We love to hear stories, and many of us like to tell stories, as well. Our brains are evolved to look for patterns and connect the dots of our experience into a coherent narrative. A new book has just been published that recounts a disturbing story. Distinguished law professor, MacArthur Foundation grant recipient, and executive director of the Equal Justice Initiative in Montgomery, Alabama, Dr. Bryan Stevenson has written Just Mercy: A Story of Justice and Redemption. Stevenson tells the story of his experiences defending the poor and wrongfully convicted in the South. In particular, he tells the story of Walter McMillan, an African American convicted of murdering a white woman in Alabama. After a trial of only one and a half days, in which prosecutors withheld exculpatory evidence, the judge imposed the death sentence—over the jury’s recommendation for life imprisonment. Behind MacMillan’s story lies another, deeply insidious story. But first, two other stories told, and redeemed.
I have always found “The Three Little Pigs” a deeply troubling story—and my concern hasnothing to do with kashrut. Traditional versions are quite clear in telling us that the first and second little pigs, who build houses of straw sticks and spend their time happily enjoying life, deserve to be gobbled up by the vicious wolf because they were lazy. Only the industrious third brother, a humorless and joyless workaholic, deserves to survive. The story takes what I can best describe as a dim view of human nature—the story it tells reflects a story about people in general. Recognizing that this story is part of the cultural canon in which my children were growing up, but abhorring its Puritanical subtext, I found a version with many commonalities: three little pigs heading out into the world, encountering people who give them materials with which to build houses, and a wolf who supplies the existential threat. In this version, however, the first little pig runs to the home of the second little pig for refuge, and then they both run to the home of the third little pig, who shelters his brothers from the wolf. In the end, the three brothers live out their lives together—happily.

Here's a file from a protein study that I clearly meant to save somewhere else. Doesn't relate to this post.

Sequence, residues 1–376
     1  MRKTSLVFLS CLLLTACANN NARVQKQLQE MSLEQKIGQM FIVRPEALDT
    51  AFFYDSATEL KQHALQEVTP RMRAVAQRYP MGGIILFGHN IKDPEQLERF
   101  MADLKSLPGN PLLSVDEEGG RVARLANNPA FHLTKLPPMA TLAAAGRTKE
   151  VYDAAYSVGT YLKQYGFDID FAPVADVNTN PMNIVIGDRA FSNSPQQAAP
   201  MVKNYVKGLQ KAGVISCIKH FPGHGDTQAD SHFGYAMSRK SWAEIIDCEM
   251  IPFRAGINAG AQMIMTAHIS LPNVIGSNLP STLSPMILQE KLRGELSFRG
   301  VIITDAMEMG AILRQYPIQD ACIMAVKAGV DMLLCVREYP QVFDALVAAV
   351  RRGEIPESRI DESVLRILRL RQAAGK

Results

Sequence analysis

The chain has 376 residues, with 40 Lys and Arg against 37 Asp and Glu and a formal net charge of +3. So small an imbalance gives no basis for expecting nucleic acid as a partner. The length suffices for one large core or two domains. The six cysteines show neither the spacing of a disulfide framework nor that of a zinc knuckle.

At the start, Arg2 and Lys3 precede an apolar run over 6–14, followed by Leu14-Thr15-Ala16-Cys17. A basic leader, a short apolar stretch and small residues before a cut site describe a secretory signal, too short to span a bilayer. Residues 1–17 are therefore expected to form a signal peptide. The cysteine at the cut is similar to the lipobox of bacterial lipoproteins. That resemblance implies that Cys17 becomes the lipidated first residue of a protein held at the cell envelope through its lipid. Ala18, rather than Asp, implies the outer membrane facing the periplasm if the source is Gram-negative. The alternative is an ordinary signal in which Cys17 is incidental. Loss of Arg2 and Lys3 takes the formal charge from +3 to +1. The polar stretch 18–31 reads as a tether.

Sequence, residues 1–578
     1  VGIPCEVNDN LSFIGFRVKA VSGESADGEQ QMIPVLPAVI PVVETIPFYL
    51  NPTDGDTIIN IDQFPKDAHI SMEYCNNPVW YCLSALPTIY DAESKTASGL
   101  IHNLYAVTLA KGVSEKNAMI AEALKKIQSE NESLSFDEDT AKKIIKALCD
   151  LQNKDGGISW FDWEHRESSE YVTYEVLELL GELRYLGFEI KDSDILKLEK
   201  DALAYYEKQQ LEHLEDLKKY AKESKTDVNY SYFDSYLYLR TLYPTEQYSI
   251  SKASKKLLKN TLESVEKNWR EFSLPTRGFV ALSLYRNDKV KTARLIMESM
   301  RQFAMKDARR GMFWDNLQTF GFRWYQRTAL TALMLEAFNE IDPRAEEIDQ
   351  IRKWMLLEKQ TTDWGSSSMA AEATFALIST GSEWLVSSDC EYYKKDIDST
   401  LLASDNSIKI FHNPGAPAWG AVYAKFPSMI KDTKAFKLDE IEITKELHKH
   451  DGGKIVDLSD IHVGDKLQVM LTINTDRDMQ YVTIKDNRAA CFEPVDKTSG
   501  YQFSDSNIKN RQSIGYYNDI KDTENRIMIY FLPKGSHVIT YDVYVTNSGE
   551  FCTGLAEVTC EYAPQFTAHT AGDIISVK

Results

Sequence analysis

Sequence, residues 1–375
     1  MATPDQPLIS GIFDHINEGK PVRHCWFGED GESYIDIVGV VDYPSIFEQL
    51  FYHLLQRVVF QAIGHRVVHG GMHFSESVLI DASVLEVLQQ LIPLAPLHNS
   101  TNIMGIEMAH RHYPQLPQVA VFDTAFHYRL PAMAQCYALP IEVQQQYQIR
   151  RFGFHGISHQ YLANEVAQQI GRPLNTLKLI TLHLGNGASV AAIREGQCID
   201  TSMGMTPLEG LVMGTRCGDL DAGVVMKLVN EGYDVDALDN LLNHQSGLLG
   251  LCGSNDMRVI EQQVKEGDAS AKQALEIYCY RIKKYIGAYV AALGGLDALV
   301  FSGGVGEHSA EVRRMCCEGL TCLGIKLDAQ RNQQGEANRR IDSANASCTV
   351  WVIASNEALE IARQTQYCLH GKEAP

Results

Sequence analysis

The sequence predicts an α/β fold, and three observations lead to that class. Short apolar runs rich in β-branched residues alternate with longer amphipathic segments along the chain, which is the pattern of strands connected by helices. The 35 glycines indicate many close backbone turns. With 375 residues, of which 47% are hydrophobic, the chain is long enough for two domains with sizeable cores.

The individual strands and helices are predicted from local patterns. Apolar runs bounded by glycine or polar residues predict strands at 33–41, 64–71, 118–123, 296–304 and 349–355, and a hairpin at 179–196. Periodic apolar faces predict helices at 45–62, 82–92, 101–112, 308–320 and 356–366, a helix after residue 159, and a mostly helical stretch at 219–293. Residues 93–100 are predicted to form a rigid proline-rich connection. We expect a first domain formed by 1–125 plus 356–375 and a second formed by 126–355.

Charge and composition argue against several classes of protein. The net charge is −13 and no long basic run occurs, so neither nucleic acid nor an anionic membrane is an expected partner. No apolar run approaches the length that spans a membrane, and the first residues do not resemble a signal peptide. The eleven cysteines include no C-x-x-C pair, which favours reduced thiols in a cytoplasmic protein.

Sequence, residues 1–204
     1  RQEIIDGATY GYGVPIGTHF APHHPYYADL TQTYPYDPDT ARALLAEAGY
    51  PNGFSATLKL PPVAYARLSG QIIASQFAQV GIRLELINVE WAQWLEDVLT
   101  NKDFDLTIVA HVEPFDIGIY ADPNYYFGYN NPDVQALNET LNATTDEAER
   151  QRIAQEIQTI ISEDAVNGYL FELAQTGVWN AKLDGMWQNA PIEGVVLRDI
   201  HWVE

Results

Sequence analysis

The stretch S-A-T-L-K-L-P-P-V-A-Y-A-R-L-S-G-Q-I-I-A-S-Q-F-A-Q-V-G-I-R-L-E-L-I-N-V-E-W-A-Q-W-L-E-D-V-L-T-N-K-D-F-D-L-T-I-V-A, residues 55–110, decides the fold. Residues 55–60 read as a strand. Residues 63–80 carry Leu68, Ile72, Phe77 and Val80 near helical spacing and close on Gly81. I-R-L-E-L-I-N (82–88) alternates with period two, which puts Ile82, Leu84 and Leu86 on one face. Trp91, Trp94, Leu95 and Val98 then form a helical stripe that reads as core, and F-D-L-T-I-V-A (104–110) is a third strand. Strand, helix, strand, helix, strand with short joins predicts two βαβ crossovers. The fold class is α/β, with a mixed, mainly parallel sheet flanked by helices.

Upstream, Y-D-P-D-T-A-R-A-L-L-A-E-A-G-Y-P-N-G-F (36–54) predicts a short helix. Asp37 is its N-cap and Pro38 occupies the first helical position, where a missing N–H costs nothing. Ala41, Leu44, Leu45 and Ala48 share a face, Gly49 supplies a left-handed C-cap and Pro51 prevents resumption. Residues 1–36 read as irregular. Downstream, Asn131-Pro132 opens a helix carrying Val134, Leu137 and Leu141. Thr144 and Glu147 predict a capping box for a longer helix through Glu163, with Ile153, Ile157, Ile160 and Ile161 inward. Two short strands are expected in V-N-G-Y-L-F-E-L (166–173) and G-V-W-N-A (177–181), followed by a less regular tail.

How a story is told makes all the difference. The version I read to my children, and the way I read it to them, emphasized that the porcine siblings were deeply connected and could relay on one another for food, shelter, and emotional comfort. In the hands of the person who wrote this version it became a very different story, one about sibling loyalty and mutual nurturance, not about judgment and punishment.